[Would like to thank user @KipMat Matt Schrag for recapping St. Louis for the blog. Be advised that the opinions offered in a "recap" of a show (or in any post) on Phish.net's blog are not necessarily shared by any of the other many volunteers who work on the site. We would appreciate it if you correct anyone out there ignorant enough to suggest that the "recap" of a show on this site is in any way, shape, or form an "official" view of the show by Phish.net. There is no such thing, and no such thing has ever existed at any time at all whatsoever. Thank you. -Ed.]
I had initially volunteered to write just one show recap for the Blog, but was asked by Phish.net to provide recaps for both nights of the tour-opening St. Louis run. Several well-meaning folks read my recap of last night’s show, and felt that it was lacking, or simply not what they were expecting.
This site is one of several sources on the internet for day-after recaps of Phish shows. These recaps are traditionally linear in form, in that they provide a rundown of the setlist, start to finish, with commentary on each song. I do not prefer this style for two reasons: fluff, and formula. A recap doesn’t have to include an opinion on every single song. Even though sentiments like “I love 'Roggae' it’s one of my 50 favorite Phish songs!” or “I wish I could hear 'Bouncing Around The Room' at every show!” are pleasing and help spread good vibes, they don’t pique my interest. And because recaps are essentially newspaper-style journalism, the writing tends to fall back on tired conventions to fill space. "Song A featured X, then segued into song B which featured Y," or "Phish often does ______ during a show, and tonight was no exception." I acknowledge that there’s an audience for this kind of journalism; I just find it bland.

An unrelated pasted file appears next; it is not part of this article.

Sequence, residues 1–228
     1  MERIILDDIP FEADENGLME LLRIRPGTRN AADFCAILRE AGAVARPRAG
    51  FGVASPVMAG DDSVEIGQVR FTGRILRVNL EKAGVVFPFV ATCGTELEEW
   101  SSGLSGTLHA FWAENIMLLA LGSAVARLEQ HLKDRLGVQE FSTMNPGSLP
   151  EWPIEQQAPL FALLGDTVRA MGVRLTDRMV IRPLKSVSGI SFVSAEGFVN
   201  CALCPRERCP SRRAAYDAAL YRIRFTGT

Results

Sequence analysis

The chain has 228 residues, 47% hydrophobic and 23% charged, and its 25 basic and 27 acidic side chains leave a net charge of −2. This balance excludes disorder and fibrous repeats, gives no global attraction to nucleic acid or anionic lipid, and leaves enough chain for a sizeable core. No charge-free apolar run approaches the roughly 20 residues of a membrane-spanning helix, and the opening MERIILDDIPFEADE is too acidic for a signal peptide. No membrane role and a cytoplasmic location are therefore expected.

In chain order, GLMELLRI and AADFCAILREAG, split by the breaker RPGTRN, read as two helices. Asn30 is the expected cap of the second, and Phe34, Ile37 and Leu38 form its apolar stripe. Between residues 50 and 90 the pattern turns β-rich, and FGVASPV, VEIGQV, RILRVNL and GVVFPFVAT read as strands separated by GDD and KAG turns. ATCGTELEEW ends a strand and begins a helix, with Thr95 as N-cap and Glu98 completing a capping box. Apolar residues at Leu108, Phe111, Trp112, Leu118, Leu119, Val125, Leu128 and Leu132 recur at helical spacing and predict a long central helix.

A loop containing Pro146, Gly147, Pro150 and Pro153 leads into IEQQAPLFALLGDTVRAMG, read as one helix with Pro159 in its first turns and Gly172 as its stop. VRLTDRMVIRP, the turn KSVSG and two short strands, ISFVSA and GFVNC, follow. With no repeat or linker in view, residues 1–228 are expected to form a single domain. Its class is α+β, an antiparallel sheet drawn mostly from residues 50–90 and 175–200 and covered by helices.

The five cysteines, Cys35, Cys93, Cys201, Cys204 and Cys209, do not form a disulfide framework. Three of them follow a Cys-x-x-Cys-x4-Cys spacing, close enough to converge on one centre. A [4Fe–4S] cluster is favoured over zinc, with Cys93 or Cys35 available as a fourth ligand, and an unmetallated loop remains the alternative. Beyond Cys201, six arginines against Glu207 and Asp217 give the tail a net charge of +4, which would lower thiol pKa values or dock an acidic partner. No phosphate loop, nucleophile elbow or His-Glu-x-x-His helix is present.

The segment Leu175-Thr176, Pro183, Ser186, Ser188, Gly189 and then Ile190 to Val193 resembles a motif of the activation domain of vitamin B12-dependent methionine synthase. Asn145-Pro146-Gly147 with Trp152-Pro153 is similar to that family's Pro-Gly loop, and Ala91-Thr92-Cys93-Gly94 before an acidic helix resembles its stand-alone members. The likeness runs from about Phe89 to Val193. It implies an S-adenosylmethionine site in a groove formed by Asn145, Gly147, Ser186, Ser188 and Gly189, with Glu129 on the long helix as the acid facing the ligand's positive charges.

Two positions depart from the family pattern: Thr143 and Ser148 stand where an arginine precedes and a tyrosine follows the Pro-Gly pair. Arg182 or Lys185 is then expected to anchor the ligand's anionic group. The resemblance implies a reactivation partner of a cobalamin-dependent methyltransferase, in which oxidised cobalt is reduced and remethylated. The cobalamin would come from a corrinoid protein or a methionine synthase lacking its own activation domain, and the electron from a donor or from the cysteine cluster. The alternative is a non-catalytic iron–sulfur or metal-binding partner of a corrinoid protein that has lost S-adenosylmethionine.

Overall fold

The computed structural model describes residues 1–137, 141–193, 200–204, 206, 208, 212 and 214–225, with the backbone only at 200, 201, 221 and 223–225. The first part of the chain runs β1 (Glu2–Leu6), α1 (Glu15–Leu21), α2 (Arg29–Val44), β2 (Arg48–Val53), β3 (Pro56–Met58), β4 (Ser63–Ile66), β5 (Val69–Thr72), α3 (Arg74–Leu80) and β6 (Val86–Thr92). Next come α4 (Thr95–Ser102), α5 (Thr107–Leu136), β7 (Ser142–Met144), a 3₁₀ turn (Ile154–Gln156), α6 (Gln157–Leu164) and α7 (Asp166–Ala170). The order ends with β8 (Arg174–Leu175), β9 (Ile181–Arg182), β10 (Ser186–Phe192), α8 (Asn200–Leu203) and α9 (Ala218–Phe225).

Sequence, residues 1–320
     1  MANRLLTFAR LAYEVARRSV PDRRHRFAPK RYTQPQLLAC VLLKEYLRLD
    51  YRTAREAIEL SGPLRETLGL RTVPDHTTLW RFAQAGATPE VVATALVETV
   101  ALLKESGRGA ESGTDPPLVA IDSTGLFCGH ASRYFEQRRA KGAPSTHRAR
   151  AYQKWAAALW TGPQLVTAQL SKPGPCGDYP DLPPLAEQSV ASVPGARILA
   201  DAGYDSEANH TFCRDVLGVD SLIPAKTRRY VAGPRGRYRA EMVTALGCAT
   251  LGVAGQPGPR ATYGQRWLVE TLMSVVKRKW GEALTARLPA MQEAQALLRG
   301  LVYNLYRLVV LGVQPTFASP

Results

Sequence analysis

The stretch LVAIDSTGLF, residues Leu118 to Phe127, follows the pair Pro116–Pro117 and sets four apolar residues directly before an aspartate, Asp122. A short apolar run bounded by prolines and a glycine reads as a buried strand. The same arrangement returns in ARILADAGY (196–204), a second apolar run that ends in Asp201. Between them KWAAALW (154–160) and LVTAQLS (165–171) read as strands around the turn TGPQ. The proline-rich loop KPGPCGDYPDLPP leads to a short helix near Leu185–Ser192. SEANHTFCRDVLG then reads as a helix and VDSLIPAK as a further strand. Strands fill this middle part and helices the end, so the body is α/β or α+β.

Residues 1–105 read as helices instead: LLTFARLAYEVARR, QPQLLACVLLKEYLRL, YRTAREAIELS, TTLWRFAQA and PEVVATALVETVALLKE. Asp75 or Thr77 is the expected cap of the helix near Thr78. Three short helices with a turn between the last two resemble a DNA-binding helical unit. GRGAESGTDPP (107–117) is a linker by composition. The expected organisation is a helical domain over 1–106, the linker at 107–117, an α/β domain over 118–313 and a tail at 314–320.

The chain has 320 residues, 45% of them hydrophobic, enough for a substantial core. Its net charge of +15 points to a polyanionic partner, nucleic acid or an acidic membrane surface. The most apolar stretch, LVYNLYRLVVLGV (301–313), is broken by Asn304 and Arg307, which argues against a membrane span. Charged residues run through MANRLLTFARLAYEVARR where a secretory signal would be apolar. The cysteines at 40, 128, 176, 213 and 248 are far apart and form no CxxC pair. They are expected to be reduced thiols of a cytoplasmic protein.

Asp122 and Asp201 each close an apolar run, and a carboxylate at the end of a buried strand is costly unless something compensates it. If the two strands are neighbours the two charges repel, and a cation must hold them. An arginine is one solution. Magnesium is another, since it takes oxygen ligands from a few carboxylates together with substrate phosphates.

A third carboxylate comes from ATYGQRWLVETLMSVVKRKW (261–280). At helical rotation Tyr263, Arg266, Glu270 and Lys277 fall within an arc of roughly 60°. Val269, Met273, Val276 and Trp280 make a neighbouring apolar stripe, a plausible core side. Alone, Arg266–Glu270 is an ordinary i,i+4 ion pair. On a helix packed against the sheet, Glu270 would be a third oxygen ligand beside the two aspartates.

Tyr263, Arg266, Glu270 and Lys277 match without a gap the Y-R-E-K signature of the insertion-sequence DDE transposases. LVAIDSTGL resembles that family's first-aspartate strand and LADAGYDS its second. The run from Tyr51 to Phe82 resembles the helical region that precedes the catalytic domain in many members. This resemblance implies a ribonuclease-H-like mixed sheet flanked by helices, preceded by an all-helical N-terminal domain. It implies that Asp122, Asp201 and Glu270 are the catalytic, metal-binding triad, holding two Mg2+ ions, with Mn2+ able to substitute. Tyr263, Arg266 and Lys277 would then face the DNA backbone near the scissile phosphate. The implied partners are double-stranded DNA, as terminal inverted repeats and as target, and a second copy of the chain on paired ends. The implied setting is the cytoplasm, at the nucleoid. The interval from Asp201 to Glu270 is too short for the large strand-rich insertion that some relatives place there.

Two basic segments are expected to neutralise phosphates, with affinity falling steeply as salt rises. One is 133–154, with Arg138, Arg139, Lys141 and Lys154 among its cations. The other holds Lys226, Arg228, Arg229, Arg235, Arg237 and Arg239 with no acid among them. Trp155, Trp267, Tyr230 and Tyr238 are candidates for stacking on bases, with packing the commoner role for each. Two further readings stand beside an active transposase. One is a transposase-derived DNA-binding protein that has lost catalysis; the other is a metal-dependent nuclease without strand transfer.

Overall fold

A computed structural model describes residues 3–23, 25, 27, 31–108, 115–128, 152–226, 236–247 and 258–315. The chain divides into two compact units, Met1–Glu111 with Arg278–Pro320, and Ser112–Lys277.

So let’s talk about last night’s show! @EvenCarlSagan disagrees with me, but I thought the first set was weak sauce up through “We Have Come To Outlive Our Brains.” Everything up until that point struck me as safe, by-the-numbers Phish, while a noticeable portion of the audience was out on the concourse watching Game 7 of the Stanley Cup Finals on the mounted flat-screen tv’s. Nothing from the stage seemed “off," but the music just wasn’t happening for me. The ice was broken by Trey’s acknowledgement of blowing the repeat of the chorus of “WACTOOB” by hamming it up and asking the audience to sing along. The band’s performance seemed to refocus after the flub, and the rest of the set was a distinct improvement to my ears. Of course, the news that the St. Louis Blues had won the Stanley Cup for the first time in franchise history had spread during “Run Like An Antelope," and New Jersey Devils fan Chris Kuroda (pictured here in 1989) was gracious enough to shine bright blue and gold lights on the audience, using the Blues’ team colors to acknowledge the occasion.
Phish.net is a non-commercial project run by Phish fans and for Phish fans under the auspices of the all-volunteer, non-profit Mockingbird Foundation.
This project serves to compile, preserve, and protect encyclopedic information about Phish and their music.
The Mockingbird Foundation is a non-profit organization founded by Phish fans in 1996 to generate charitable proceeds from the Phish community.
And since we're entirely volunteer – with no office, salaries, or paid staff – administrative costs are less than 2% of revenues! So far, we've distributed just about $1,500,000 to support music education for children – hundreds of grants in all 50 states, with more on the way.